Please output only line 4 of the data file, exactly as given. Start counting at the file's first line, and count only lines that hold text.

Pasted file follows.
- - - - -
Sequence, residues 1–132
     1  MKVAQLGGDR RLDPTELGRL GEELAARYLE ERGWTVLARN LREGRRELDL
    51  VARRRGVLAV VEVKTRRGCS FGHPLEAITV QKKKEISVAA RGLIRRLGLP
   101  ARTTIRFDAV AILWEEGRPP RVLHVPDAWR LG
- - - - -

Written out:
   101  ARTTIRFDAV AILWEEGRPP RVLHVPDAWR LG